There are many criticisms associated with Kohlberg's theory, with the first being that of the theory being ethnocentric, mostly typical of western societies according to Eckensberger, 1994. Which may not be necessarily held by other cultures and societies. Secondly Carol Gillingham exclaimed that Kohlberg's theory was mostly orientated around male moral development, whilst at the same time devaluing female morality. She developed her own theory of moral development for women, which was different to that of Kohlberg's. As females generally display more compassion towards others than males, and so as a result women may have a low rating on Kohlberg's moral development stages.
The dominant drawback with Kohlberg's theory is that relating to criminal behaviour. His theory is based upon moral thinking rather than that of criminal thinking or criminal behaviour.
Another criticism of Kohlberg's theory is that, many studies have noticed that the human body is much more complex than many people make it out to be. So Kohlberg's 3 stages may be too simplistic in explaining the moral development of non-offenders and offenders. In determining a child's level of morality, Kohlberg paid closer attention to the reasoning behind the answer, rather than the answer itself. Which has also raised many questions from critics.
Various schemes have been set up in an attempt to raise the level of moral development in young offenders by helping them view the world from other points of views rather than just that of their own. The most successful treatment has been that of 'Reasoning and Rehabilitation', which was developed by Ross, Fabiano and Eweles (1988). This approach attempts to focus on the development of various social cognitive skills, which teaches offenders to consider the consequences of their actions and develop stronger problem solving techniques. An egocentric approach to cognitive development has been linked closely with a lack of empathy or an inability to realise other people's feelings and a deficit in moral reasoning.
Being able to take into consideration the distress of others can act as a brake on the behaviour most likely to cause a failure to respect other people. It is difficult to develop reliable measures of empathy, but many findings have discovered that women are more empathic than men, which might lead to the development of strategies which may enable offenders to develop empathy. These strategies may also explain why women are less involved in crime.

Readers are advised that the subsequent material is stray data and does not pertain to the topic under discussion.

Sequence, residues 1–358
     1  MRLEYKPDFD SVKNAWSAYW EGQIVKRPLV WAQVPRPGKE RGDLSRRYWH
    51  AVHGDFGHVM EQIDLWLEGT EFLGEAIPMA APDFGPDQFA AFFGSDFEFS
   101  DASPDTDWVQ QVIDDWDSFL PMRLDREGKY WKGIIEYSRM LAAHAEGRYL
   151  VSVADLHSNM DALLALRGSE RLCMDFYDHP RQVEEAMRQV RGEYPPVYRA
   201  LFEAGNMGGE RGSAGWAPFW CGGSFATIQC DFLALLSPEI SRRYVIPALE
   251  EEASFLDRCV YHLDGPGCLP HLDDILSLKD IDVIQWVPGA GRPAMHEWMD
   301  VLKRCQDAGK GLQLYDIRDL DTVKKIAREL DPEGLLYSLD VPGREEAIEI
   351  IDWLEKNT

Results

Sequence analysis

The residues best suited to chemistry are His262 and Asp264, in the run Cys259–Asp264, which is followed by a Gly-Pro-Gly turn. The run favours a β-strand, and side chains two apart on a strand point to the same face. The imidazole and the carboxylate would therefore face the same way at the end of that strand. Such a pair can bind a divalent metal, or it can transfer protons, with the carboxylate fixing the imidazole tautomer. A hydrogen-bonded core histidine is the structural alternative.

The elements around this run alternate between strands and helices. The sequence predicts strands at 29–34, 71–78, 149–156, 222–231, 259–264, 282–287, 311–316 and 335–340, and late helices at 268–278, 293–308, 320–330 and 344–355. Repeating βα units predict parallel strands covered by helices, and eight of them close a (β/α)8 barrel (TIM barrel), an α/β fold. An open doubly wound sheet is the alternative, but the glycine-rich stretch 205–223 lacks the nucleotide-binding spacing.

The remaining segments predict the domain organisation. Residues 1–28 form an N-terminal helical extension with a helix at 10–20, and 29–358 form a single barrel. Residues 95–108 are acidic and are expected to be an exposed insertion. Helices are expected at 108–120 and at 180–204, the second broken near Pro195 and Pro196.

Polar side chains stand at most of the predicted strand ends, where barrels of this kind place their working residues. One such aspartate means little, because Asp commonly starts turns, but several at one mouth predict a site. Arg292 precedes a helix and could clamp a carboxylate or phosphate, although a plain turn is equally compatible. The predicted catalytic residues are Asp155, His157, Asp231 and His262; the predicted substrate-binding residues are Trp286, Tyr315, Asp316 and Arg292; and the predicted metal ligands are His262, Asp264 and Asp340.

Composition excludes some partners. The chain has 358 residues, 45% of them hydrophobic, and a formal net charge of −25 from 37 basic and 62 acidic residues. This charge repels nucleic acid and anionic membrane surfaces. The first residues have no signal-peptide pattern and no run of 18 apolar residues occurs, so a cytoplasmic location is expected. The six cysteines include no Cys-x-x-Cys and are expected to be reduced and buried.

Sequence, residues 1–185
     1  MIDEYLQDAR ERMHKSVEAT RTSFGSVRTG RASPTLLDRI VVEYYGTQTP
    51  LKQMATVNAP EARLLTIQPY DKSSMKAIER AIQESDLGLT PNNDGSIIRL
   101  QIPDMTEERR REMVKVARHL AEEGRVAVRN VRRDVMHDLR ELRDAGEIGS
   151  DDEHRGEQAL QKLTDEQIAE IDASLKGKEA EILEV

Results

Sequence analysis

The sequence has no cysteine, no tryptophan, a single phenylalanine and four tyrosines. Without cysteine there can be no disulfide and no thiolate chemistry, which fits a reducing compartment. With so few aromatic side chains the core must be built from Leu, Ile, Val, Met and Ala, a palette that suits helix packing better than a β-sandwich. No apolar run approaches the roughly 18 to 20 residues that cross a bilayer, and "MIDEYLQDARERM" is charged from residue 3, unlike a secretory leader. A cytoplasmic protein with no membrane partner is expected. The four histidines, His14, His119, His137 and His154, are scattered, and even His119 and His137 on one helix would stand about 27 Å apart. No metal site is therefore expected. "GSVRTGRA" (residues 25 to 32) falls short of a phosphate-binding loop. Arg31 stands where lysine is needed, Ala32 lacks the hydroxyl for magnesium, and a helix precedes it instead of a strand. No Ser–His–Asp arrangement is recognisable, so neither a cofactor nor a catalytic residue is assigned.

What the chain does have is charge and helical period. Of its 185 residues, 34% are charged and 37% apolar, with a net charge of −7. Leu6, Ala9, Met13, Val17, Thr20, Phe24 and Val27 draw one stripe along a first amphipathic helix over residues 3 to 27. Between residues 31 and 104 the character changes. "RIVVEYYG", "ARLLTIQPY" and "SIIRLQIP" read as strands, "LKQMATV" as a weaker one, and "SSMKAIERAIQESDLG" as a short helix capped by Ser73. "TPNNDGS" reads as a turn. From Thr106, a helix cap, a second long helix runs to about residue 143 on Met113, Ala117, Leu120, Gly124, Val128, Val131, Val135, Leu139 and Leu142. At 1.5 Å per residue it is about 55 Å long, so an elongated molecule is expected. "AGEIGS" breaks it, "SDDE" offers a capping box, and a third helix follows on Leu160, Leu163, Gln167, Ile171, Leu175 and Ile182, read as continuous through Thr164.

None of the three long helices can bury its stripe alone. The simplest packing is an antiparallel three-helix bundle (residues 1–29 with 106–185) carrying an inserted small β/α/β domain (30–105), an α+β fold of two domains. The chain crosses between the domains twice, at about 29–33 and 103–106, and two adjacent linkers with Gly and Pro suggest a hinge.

Palmer and Hollin (2000) discovered that self-reported delinquency in young offenders was associated not only with lower levels of reasoning but also with increased tendencies to inaccurate attribution of hostility. For example the blame and responsibility in which we assign to others tend to be harsher in retrospect to ourselves In respect to Rotters suggestion it is said that offenders differ from non-offenders due to their tendencies to use external factors as explanations for their actions in order to divert responsibility from themselves.
In my opinion the attribution theory is quite right, as due to the nature of human beings, no one likes to admit that they are in the wrong or they are the ones at fault. As in to us for example, if someone was to trip up over a chair then it was their clumsy fault (internal locus of control), but if it were us who tripped over the chair then it would be because someone placed it there deliberately for us to trip over it (external locus of control).
There is no consensus of opinion as to what constitutes a moral act or an immoral act. Formal education and age also seem to contribute to mature moral reasoning, and the effects of the two are sometimes difficult to separate. Adolescents show higher levels of moral reasoning than most children, and lower levels than many adults.